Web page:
If you buy or sell livestock at a local sale barn in Indiana, you’re likely used to an older facility, perhaps with wooden bleachers and a dirt-floor ring covered with sawdust. There is nothing wrong with those facilities. They still serve a purpose as a selling place for someone who has a limited number of animals to sell. Sometimes it’s an opportunity for someone who wants a few animals to put on summer pasture to pick up what they need at a reasonable price.
Walking into some of Indiana’s country sale barns is like stepping back in time. At one such facility, even today, the auctioneer pulls one light string to switch on a bulb if selling by the head, another one if selling by the pound. Little has changed on the inside in decades. Some regulars joke that even the cobwebs have been there for generations.
Recently, I visited a cattle auction at the OKC West stockyards outside of Oklahoma City. Thursday is auction day, and hundreds of head of cattle go through the ring, sold to the highest bidder. Some are feeders coming off winter pasture, which might be wheat doubling as pasture and a cash crop.
The facility is fairly new, rebuilt after a tornado in 2012. As you leave the office and enter the sale ring, you can’t help but notice the walk-in shelter on your left. The sign says, "Tornado shelter, occupancy 34." You won’t find that at any sale barn in Indiana!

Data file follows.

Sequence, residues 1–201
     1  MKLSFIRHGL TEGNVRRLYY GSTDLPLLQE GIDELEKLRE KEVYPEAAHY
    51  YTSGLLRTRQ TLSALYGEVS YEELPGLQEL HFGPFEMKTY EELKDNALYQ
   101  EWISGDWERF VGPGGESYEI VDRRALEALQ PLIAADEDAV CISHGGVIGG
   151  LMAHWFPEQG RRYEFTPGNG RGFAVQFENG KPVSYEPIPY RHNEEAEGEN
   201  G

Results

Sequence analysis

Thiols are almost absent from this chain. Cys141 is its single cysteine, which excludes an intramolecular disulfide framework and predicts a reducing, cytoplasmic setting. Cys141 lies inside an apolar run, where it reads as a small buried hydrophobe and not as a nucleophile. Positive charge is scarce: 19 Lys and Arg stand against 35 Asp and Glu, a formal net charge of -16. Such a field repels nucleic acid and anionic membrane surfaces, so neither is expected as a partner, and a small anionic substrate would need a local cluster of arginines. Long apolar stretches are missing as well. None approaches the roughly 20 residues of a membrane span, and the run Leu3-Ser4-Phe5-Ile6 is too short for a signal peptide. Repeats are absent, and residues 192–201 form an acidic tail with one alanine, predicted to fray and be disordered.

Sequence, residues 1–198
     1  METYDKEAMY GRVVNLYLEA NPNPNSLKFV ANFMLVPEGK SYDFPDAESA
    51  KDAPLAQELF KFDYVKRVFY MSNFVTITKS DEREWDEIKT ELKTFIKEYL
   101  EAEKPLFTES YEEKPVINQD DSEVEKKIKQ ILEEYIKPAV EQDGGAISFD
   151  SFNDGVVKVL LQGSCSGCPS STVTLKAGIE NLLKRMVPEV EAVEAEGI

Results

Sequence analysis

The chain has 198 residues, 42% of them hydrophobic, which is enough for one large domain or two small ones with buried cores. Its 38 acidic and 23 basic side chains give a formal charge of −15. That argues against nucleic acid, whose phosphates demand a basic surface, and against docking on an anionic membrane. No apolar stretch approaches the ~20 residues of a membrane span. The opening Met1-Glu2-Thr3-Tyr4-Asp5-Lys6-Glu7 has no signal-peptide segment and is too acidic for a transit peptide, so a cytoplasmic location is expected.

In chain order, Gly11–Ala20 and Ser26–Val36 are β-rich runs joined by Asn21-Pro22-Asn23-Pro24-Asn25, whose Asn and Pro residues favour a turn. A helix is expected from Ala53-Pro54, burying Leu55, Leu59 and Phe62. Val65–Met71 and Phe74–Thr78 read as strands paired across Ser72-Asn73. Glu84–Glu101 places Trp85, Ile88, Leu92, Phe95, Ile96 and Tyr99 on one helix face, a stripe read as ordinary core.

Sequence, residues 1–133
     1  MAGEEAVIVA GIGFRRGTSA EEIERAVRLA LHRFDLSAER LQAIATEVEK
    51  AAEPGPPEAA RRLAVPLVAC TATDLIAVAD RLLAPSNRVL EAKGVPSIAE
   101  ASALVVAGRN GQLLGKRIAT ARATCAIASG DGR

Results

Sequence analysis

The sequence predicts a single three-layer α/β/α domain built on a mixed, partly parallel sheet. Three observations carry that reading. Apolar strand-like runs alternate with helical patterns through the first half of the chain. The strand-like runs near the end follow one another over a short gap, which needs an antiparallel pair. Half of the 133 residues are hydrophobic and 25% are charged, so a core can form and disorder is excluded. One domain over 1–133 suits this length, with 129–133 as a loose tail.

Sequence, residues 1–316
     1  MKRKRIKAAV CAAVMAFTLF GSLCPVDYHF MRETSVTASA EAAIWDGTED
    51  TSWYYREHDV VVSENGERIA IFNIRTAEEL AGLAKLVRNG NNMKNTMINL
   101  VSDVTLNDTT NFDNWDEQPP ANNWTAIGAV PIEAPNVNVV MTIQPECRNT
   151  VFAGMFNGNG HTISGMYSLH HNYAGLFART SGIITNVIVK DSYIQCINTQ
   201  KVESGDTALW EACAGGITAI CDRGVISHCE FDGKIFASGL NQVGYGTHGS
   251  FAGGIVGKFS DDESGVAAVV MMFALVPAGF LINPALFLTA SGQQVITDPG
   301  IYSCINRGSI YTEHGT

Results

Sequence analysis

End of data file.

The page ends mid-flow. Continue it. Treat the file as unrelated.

The auctioneer is up on a podium just like at an Indiana sale barn. But there are no lightbulbs with pull chains. Instead, there are electronic computer displays, which flash facts such as number of animals in the lot, average weight of the animals and total weight of the lot.
Some lots include as many as 30 head. That’s a lot of heifers or steers to run through a scale one at a time. Don’t worry. It may work that way at small sale barns, but not at this one. The sale ring is actually a scale, suspended from the rest of the floor so it can accurately sense the weight. The weight automatically displays on the electronic screens.
At Indiana auctions, most people raise their hand to bid these days, although some salty, seasoned livestock buyers have other ways to signal a bid. When cattle buyers or ranchers want to bid in Oklahoma, often they use something besides their hands to signal the ringman or auctioneer. Maybe it’s a tip of the cowboy hat, quite common in the crowd, or maybe it’s a nod of the head.
Even to a veteran auction-goer like me, it wasn’t always obvious who was bidding. But the auctioneer knew exactly what was going on. I imagine the veteran buyers and sellers did, as well.
I wonder if they would feel at home in an Indiana sale barn? After a few minutes, I felt at home in the Oklahoma sale barn. Some things are universal, like an appreciation for how cattle are bought and sold. Commerce is commerce, whether in a high-tech sale barn or one with cobwebs and lightbulbs with pull chains.